Fried Chicken Showdown: The Crispy Coop and Meshikou Chikin

Fried chicken is at it again. Everywhere you look, a new restaurant concept dedicated to the bird is opening in Columbus. Here are two to check out.

Erin Edwards
Columbus Monthly
Fried chicken and house-made sides at The Crispy Coop

The Crispy Coop 

1717 Northwest Blvd., Grandview, 614-481-4040; 1510 Cross Creeks Blvd., Pickerington, 614-604-8699 ,

The Crispy Coop had a generous head start on the current fried chicken boom. Its origins start at The Buena Vista Café in Warren, Ohio. There, the 65-year-old restaurant serves something iconic in Northeast Ohio: Uncle Nick’s Greek Fried Chicken. A fan of its chicken while growing up near Youngstown, Drew Cleary brought an Uncle Nick’s franchise down to Columbus more than five years ago, opening up a no-frills spot in Grandview. 

In February of last year, Cleary decided to close that location and branch out on his own, launching The Crispy Coop in Grandview. The chicken recipe, thankfully, doesn’t seem to have changed much, though the menu has grown to include Cleary’s take on Nashville hot chicken as well as house-made sides like a delicious cavatappi mac ’n’ cheese and flavorful collard greens. 

A year after opening in Grandview, The Crispy Coop opened a second location in Pickerington in early March, and the expansion won’t stop there. One of the restaurant’s partners is Xuegong Chen, a co-founder of the Poké Bros. chain and someone who knows how to scale a food business. Founded in Columbus, Poke Bros. now has more than 40 stores in nine states and counting. “We would love to be on every side of Columbus,” Cleary says. 

What really shines here are the traditional fried chicken meals, sans spice. (You can always get the sauces, Tennessee Mild or Nashville Hot, on the side.) The chicken is brined for 24 hours, lightly breaded and then cooked in pressure fryers. The result is a thin, light and crispy exterior encased around juicy meat that flirts with being too salty without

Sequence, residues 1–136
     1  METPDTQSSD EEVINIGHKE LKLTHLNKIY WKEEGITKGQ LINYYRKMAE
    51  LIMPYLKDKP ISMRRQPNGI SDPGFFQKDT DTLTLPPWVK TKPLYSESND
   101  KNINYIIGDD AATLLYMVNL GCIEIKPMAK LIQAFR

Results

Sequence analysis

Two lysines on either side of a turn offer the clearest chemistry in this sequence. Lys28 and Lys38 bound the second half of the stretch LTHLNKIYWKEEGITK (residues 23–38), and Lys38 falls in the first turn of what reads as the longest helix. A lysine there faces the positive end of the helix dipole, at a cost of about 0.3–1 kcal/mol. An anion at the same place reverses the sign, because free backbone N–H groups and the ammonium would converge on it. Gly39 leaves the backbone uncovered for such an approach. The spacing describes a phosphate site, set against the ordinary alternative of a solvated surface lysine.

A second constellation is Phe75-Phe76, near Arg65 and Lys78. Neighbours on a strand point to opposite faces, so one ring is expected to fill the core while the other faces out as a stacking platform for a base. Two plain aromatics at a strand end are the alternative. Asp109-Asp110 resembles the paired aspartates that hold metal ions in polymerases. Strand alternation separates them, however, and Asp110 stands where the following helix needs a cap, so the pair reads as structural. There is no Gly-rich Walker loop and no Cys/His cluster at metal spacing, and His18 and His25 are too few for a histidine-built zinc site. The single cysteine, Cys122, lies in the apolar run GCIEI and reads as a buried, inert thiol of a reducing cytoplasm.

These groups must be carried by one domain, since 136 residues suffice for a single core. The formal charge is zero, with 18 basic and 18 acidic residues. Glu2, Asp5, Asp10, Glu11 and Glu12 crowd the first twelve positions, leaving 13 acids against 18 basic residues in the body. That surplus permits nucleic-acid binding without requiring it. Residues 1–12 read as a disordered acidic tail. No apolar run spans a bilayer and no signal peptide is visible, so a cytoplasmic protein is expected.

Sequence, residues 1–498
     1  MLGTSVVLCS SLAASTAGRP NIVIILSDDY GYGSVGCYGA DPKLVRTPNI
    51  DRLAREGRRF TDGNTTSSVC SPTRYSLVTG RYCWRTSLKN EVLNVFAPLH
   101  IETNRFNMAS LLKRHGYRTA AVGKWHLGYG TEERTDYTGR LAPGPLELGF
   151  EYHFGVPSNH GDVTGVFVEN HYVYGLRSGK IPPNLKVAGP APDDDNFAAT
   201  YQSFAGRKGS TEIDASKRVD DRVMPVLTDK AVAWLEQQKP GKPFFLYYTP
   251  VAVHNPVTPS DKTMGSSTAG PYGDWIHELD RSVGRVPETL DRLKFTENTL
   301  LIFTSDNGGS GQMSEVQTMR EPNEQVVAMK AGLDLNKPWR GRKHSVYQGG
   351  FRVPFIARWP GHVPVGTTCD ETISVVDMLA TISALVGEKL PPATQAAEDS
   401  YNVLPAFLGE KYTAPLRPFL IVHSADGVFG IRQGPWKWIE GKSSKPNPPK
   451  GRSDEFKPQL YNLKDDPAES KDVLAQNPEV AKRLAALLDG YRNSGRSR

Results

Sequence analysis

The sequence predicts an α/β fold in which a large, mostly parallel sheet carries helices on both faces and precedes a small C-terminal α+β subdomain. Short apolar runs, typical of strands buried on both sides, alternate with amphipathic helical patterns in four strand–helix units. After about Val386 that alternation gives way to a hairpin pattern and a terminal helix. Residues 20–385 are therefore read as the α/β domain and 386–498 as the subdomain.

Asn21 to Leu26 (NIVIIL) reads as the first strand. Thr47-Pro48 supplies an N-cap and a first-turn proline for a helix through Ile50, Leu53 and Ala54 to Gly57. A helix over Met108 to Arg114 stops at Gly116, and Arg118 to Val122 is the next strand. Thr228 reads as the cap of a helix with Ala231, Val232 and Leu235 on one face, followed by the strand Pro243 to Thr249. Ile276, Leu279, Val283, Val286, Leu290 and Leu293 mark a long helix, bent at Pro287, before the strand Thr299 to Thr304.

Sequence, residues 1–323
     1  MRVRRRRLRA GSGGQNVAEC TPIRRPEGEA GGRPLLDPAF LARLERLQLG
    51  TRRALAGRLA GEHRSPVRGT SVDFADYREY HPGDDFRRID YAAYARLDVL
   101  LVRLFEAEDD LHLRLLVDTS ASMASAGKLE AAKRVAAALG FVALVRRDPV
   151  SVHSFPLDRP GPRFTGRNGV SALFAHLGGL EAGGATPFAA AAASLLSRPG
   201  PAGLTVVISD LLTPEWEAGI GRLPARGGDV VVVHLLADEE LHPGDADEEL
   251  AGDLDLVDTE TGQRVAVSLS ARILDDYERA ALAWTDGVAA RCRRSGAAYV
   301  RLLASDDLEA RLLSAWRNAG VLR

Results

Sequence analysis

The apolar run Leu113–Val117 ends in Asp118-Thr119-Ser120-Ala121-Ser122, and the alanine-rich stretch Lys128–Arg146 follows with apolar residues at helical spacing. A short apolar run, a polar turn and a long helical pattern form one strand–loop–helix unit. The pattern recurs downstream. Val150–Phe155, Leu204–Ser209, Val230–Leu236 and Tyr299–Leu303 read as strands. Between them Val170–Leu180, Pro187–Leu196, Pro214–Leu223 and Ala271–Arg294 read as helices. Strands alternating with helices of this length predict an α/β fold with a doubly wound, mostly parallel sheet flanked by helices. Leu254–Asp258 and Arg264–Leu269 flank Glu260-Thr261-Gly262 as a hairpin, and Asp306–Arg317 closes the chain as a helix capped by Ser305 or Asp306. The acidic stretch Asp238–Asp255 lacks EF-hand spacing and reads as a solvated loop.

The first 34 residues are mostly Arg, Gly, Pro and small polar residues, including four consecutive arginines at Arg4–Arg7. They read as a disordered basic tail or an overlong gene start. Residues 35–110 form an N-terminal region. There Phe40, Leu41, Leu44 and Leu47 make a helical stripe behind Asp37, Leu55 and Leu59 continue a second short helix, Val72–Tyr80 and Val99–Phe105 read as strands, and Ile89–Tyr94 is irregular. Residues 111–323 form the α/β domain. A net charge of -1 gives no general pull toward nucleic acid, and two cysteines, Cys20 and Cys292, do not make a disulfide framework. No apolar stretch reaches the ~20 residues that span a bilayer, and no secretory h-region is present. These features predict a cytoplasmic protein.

crossing the line. I recommend ordering the half chicken dinner ($11.50), which comes with a chicken breast, thigh, wing and leg, plus a choice of two sides. Leftovers? Great—the chicken tastes just as good cold. 

Fried chicken sandwiches are ubiquitous these days (thank you, Popeyes), so it takes a lot for one to stand out. The Crispy Coop’s fried chicken sandwich ($11, with two sides) is decent though not tell-everyone-about-it good. You can order it traditional, Tennessee Mild or Nashville Hot. For me, the mayo-heavy slaw and sweet pickles, instead of dill pickles, on my Nashville Hot sandwich were deal-breakers. 

All was forgiven after dessert. Here, the delicious banana pudding ($4) looks and tastes like the back-of-the-box Nilla Wafer recipe. And that’s a good thing. 

What to order: Half chicken dinner with two sides and banana pudding 

Spicy Chikin sandwich from Meshikou Chikin

Meshikou Chikin 

1504 Bethel Road, Northwest Columbus, 614-929-5539,

The sister restaurant to Meshikou Ramen, this Bethel Road chicken spot is the antithesis to The Cheesecake Factory. Instead of a laundry list of menu items, Meshikou Chikin owner Mike Shek picks one thing—fried chicken—and executes it very well. 

Shek says he was encouraged to open the new business after seeing the popularity of his ramen shop’s karaage and chicken wings appetizers. He decided chicken alone could carry a spinoff, so he opened Meshikou Chikin right next door to the ramen shop last fall. 

The menu is simple, with the option to order chicken breast ($10), thighs ($10) or wings ($11) as a meal (which includes two sides); or these items can be ordered à la carte. When I visited, only two sides were on the menu—a simple seasoned rice ($2.50) and ginger citrus salad ($2.50). Shek says he plans to add more sides in the near future, such as curried corn and teriyaki-style baked beans. 

Overall, two things set this newcomer’s fried chicken apart. First is Meshikou’s supremely craggy, crunchy skin—achieved with a dredge through flour and potato starch—that creates a jacket around chicken meat that’s been brined for 48 hours. A naughty part of me wishes Meshikou would take the fried chicken skin, bag it and sell it—like pork rinds. I honestly might eat that. 

Second is Meshikou’s globally inspired sauces, which are each unique and flavor-packed. For example, the wonderful Meshikou Garlic Bomb pays homage to Shek’s family recipe from Fujian province in China. Other sauces include a Peppercorn Teriyaki sauce, a nod to Japan, and the Spicy K-Pop sauce featuring the Korean condiment gochujang. 

Rounding out the menu is—you guessed it—Meshikou’s Spicy Chikin sandwich ($8), and it’s one of my new favorites in the crowded genre. The sandwich features sizable chicken thighs—crispy on the outside and moist on the inside—doused in the restaurant’s Sichuan Nom Nom sauce, a spicy chile oil, and topped with (ahem) crunchy dill pickle slices. 

What to Order: The chicken thigh meal with Spicy K-Pop sauce; the Spicy Chikin sandwich 

VEGAN FIND: Brezel’s Spicy Chicky Sandwich 

59 Spruce St., Short North, 614-586-0523,

The North Market merchant Brezel has begun serving vegan chicken sandwiches on Wednesdays from 11 a.m. to 2 p.m. or until they sell out (which happens frequently). The sandwich is really a crossover between Brezel, known for its deliciously chewy pretzels, and the kind of plant-based food served at Brezel’s sister business, The Greene Canteen in Yellow Springs. Owner Brittany Baum sandwiches a seitan-based chicken patty, spring mix, tomatoes and a vegan Sriracha mayo between a hand-rolled pretzel bun. Definitely worth a try.